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Appeal proposals for business rates are a ‘barrier to justice’ for UK firms

The Government’s tweaks to business rates legislation have been criticised by rates experts and business groups, amid concerns that the changes will act as a ‘barrier to justice’.

Initially proposed in the Enterprise Bill, commentators have warned that the new business rates legislation will increase the administrative burden on small firms whilst also encouraging rogue cowboys looking to make a profit from businesses susceptible to such criminals.

They also say the legislation will act as a ‘barrier to justice’ for businesses seeking to appeal.

Three new measures are contained within the bill, which have been accused of ‘riding roughshod’ over UK businesses’ needs.

Transparency around how business rates or tax on commercial property is measured has long been called for by small firms.

Critics of the bill claim that it has failed to address this issue, alternatively permitting the Valuation Office Agency to share rate measurement information with local authorities but not with individual businesses.

Jerry Schurder, former chairman of the Royal Institution of Chartered Surveyors (RICS) said: ‘In business rates, your own liability depends not on your own property but what’s being paid by lots of other people and you have no right to obtain that information. In any other tax, the taxpayer has the relevant information to make an appeal but not on rates.’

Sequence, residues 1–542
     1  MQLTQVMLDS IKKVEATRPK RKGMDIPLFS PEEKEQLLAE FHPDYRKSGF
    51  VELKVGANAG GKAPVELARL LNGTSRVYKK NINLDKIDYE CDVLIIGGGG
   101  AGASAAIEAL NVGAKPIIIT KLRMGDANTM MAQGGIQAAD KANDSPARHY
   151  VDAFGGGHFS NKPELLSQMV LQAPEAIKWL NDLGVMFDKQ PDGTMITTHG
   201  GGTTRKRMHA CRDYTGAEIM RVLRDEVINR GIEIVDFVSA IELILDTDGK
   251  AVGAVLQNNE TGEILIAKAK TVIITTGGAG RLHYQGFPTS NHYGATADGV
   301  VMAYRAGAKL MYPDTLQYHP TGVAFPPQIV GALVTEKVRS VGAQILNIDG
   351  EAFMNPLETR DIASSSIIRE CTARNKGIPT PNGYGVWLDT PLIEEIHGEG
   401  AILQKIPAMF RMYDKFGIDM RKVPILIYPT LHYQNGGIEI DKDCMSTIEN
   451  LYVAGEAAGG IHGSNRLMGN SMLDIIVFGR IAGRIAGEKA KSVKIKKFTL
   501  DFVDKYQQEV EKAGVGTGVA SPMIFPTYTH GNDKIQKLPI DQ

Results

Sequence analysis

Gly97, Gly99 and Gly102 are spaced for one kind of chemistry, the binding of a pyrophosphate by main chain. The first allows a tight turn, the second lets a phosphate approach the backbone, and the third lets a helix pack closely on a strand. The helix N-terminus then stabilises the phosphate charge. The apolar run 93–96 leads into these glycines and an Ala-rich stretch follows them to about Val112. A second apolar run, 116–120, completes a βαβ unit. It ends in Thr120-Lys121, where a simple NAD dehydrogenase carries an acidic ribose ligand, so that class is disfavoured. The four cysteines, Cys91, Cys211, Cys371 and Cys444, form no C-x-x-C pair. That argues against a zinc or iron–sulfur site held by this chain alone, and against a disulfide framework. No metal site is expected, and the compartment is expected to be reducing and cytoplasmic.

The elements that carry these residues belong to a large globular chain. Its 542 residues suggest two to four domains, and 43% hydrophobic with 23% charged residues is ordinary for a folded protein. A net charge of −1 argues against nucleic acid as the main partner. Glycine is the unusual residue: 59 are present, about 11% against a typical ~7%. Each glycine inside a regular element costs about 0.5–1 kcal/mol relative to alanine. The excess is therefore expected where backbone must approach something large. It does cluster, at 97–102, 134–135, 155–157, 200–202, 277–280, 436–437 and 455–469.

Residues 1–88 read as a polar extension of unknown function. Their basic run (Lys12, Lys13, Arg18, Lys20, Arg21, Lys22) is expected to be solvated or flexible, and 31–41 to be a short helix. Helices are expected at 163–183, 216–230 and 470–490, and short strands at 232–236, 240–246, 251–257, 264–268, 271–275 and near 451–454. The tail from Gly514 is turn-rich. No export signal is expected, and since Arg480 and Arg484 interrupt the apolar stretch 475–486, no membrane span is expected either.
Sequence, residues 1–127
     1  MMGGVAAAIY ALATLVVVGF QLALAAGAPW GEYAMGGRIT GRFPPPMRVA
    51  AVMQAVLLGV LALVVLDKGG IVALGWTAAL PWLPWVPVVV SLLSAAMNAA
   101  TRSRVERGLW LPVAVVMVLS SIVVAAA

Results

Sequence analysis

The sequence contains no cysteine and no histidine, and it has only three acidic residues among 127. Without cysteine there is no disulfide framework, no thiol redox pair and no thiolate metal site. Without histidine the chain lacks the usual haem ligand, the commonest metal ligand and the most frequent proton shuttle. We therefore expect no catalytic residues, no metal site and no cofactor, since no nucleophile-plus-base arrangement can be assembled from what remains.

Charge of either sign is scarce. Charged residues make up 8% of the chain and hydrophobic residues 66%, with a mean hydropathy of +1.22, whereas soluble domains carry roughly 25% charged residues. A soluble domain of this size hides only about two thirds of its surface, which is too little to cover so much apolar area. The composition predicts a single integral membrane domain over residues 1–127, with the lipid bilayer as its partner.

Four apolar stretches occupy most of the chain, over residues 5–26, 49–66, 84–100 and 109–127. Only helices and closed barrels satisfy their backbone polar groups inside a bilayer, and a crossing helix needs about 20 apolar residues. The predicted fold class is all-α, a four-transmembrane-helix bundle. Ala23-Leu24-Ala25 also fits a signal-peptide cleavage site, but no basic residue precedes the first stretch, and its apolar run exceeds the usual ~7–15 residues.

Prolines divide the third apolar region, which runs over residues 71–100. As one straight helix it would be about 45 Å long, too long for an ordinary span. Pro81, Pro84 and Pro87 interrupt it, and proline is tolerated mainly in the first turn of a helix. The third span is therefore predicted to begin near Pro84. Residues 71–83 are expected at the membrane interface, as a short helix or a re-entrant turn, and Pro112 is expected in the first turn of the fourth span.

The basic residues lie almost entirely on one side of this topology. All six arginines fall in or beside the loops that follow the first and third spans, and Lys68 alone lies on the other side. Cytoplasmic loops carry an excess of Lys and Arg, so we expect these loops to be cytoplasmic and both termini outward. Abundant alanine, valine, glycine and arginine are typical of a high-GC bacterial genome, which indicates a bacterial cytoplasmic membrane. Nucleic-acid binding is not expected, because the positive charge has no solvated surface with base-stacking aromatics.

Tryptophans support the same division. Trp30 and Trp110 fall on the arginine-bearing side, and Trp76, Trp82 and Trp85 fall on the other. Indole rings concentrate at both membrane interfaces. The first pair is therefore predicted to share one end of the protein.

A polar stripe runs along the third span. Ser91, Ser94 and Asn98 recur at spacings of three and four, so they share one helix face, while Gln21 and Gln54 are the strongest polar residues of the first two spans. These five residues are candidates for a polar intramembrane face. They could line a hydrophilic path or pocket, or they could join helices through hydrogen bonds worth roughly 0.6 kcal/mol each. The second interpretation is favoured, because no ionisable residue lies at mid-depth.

Meanwhile John Allan, national chairman at the Federation of Small Businesses, commented: ‘While we support moves to make it easier to navigate business rates appeals, we have concerns around the proposals in the Bill.

‘Their primary aim seems to be reducing the number of appeals by making the process more difficult, rather than by addressing the underlying issues, in particular making the appeals system and the Valuation Office Agency more transparent. ‘If increased transparency is not delivered, then confidence in the business rates system will continue to be undermined.’

The Government also seeks to discourage business rates appeals from being made by creating an upfront fee.